• Improved reflections on mobile, optionally interpolating between up to 3 reflection captures and performing parallax correction
  • VR Updates:
    • Instanced Stereo Rendering
    • Head Mounted Display Camera Refactor
    • Stereo Layers
    • SDK Updates: Oculus SDK 1.0, SteamVR 1.0, PlayStationVR SDK3 Updates, and Gear VR LibOVRMobile 1.0 (not yet updated for Preview 1, but will be by final release)
  • Landscape/Foliage Updates:
    • Landscape layer whitelisting, allowing you to control which landscape components should accept which layers in the painting tool
    • Landscape layer usage view mode, to quickly see which landscape components are using which layers
    • Support for baking WorldPositionOffset changes into landscape collision


Known issues in this release are:

UE-24744 Editor crashes when a Character is selected in Paint Mode.
UE-24721 Hot Reload fails to take effect when compiled from Xcode
UE-24716 Crash occurs selecting to open Session Frontend on Mac
UE-24715 Unplayable GearVR tracking sensitivity in First Person Template
UE-24699 Unable to build Linux editor ConvexHull2D file not found
UE-24650 Materials using separate translucency stop rendering if r.SeparateTranslucency is 0
UE-24590 Crash resetting Bound Bone in Anim Dynamics node
UE-24369 MAC: UI: Top half of the game client is not visible to users when Mac client is launched in fullscreen.
UE-23231 Can't Upload iOS build signed on PC


More details of the release are available here.  You can download the preview release using the Epic Game Launcher.

GameDev News

22. December 2015


LÖVE, the popular Lua based open source game engine, just released version 0.10.  This is excellent news for me as I can now use the newest release in my upcoming complete beginners series.


So, what’s so special about this release?  Well the biggest feature has to be iOS and Android support, which I think you will agree is pretty big. 


That said, there are tons of new features in this release:

Changes from 0.9.2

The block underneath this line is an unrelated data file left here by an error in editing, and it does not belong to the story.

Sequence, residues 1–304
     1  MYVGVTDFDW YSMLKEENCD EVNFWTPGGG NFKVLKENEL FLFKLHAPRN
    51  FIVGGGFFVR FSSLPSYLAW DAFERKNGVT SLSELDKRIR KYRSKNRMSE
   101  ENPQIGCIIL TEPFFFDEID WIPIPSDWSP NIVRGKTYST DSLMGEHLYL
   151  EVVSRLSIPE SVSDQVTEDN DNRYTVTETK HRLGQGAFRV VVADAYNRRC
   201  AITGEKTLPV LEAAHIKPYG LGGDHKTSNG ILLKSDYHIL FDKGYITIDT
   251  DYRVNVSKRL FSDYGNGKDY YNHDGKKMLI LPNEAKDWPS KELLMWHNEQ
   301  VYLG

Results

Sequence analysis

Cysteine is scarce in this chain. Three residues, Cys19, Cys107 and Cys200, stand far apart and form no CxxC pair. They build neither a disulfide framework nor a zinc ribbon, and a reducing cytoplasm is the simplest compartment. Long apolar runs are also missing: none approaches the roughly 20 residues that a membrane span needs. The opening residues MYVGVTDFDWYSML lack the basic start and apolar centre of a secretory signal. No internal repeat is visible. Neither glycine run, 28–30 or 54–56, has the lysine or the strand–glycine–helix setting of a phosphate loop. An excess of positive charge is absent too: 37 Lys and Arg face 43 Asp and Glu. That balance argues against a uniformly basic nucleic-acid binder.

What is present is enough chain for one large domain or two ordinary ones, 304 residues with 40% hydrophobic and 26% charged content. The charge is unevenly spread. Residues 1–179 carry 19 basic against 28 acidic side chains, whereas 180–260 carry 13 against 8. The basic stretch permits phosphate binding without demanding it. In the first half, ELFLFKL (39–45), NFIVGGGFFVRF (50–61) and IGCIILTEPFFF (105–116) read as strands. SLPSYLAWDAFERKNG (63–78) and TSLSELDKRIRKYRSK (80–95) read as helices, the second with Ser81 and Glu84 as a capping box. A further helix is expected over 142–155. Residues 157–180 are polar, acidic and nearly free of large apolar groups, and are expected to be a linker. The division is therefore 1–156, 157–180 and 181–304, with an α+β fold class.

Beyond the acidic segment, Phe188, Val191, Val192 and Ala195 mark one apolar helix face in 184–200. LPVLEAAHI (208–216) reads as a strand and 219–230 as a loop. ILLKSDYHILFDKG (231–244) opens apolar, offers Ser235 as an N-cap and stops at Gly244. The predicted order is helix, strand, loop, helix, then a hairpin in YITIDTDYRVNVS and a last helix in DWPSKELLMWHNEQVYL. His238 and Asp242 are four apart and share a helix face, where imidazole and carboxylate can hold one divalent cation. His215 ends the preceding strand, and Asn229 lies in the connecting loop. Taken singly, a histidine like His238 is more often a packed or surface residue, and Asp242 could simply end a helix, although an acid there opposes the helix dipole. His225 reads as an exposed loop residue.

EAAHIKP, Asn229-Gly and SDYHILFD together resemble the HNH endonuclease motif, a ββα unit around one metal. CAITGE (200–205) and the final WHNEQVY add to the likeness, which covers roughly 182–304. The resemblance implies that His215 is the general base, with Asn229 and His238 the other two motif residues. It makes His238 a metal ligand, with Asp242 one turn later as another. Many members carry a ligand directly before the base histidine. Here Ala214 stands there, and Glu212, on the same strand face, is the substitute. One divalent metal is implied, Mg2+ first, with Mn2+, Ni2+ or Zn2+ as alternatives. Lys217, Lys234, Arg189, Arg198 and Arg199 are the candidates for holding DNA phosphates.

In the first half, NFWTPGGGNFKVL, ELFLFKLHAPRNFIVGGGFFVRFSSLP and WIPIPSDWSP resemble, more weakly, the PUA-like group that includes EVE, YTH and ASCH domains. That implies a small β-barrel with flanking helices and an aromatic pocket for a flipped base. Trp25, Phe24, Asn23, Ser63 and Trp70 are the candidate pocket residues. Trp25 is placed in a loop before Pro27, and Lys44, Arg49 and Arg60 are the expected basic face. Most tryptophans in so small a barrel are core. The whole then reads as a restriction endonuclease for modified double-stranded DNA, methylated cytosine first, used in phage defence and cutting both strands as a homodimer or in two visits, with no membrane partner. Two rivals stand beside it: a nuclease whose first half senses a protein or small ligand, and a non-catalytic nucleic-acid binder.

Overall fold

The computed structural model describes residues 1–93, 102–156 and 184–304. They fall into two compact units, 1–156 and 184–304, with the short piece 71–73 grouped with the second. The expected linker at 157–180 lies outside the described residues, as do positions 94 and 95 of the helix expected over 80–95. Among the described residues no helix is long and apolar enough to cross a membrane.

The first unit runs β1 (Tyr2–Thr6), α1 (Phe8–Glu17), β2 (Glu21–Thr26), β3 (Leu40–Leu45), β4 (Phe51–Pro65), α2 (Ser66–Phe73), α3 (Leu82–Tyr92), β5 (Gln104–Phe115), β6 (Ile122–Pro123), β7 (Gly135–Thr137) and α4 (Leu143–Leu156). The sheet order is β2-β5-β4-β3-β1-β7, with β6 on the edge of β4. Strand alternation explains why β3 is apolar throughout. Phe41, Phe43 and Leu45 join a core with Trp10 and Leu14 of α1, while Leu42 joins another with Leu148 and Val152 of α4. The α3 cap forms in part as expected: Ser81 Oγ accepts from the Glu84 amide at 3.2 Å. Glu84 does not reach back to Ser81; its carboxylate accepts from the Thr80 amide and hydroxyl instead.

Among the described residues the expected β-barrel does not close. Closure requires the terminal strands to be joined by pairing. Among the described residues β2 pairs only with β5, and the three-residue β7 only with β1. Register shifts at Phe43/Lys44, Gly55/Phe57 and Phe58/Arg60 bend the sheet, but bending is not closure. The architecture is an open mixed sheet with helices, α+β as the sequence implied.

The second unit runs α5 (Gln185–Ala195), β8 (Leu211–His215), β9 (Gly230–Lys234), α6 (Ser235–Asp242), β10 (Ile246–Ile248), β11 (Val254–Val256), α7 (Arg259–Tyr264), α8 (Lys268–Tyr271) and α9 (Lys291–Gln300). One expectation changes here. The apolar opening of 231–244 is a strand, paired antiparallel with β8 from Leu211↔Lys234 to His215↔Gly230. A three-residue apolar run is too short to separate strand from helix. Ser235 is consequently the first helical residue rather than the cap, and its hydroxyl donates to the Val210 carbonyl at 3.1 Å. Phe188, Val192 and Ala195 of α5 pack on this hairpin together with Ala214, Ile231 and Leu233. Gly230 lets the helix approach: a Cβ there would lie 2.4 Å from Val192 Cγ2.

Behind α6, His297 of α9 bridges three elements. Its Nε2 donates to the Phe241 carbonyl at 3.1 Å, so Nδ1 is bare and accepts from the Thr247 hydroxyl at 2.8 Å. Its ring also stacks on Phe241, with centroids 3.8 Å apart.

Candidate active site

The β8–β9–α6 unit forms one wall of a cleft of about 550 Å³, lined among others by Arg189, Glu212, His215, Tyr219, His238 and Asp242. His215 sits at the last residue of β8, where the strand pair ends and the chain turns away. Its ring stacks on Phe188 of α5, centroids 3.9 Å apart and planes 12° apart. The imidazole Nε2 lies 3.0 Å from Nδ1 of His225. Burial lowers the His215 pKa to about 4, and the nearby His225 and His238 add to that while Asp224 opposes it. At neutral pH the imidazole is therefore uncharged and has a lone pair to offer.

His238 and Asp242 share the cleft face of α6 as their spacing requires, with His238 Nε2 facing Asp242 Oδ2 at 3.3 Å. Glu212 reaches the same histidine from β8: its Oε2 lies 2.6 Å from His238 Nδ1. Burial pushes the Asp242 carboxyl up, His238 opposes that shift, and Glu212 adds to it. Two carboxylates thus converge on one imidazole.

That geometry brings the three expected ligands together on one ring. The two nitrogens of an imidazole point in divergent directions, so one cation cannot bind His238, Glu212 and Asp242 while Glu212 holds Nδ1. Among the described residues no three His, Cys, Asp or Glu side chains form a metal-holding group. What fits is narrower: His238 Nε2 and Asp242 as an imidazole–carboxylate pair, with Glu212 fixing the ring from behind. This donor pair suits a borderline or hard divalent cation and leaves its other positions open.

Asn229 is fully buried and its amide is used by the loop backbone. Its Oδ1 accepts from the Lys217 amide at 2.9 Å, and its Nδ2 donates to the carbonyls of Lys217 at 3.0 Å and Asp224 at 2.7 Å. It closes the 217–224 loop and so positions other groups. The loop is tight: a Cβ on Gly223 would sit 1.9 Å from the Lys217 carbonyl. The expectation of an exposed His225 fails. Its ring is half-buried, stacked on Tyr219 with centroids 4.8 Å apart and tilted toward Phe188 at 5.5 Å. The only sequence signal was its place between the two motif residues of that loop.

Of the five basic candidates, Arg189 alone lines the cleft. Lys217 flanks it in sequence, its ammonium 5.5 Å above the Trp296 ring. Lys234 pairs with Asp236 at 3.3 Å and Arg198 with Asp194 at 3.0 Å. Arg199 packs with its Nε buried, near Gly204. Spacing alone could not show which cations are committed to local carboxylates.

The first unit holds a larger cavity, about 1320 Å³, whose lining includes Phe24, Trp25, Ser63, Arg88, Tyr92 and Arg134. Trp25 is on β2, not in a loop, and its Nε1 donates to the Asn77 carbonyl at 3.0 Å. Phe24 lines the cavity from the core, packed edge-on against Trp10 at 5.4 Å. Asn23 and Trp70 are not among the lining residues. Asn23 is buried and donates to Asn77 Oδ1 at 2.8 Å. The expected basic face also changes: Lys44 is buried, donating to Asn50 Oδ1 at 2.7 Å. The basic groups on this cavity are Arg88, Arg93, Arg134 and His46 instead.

Changed APIs
Renamed APIs
Performance improvements
Other changes

GameDev News

21. December 2015


Gideros, the free cross platform Lua based game engine, now runs on Raspberry Pi, the card sized single board computer intended for teaching computer science (and staggeringly cheap).


From the release announcement:


It’s amazing that Christmas is approaching already. As you get older the time between Christmases seems to shrink alarmingly and it feels like about five minutes since last Christmas when we were deep in the middle of our Kickstarter campaign to add WinRT and desktop support for Gideros. At that time we added an additional stretch goal: to port Gideros to the Raspberry Pi. I bought my son a Raspberry Pi for a Christmas present with the secret intention of “borrowing” it to fiddle with Gideros. Well to quote from Wham! it was a case of “Last Christmas, I gave you a Pi and the very next day, I took it away” and my son has had barely a go this year as I’ve taken the Pi to my office where it sits attached to a monitor and an Ethernet cable. At home we had it connected to the TV but that is not really practical for serious programming, especially with Gideros where you need constant access to internet tools like git and apt-get.

It’s important to remember what our goals were in porting Gideros to the Pi. The Pi is an educational computer designed to teach children to code, it is not a games machine. So we wanted the Pi to be a development environment allowing children to code games and apps in Lua and export them to all the supported operating systems. While it might be nice for users to, say, develop code on a PC and export as a stand alone game on the Pi (alongside Android etc) this is a secondary goal. The Pi should be thought of as a development machine like PC or Mac, not a target “device” like an iPad or Android phone.

For a good chunk of the year, I’ve been trying to port Gideros to the Pi which has proved surprisingly difficult, due to two problems. Firstly Gideros is built with a compiler system called Qt and in particular Qt5. The operating system that originally came with my (I mean “our”) Pi (pre-installed using the NOOBS system) was Raspbian Wheezy which for some reason only has access to Qt4. That is, it was only possible to install Qt4 directly from binaries via apt-get. I did attempt to compile Qt5.5 from sources but, after a 3 day compilation process (!), this did not entirely work. I did get a working Qt5 compiler, but there were a few anomalies: resulting executables had all fonts missing and did not run in a window but in a large “panel” which overlapped the entire X-Windows desktop. I now realize that the latter “bug” was actually a useful feature for reasons that will become clear in a moment. I also flirted with the option of rolling back Gideros to Qt4 (which it has previously used) but that turned out to be impractical. Yet another option of rewriting Gideros completely so it does not use Qt (I’m not a fan of Qt personally) proved even less practical…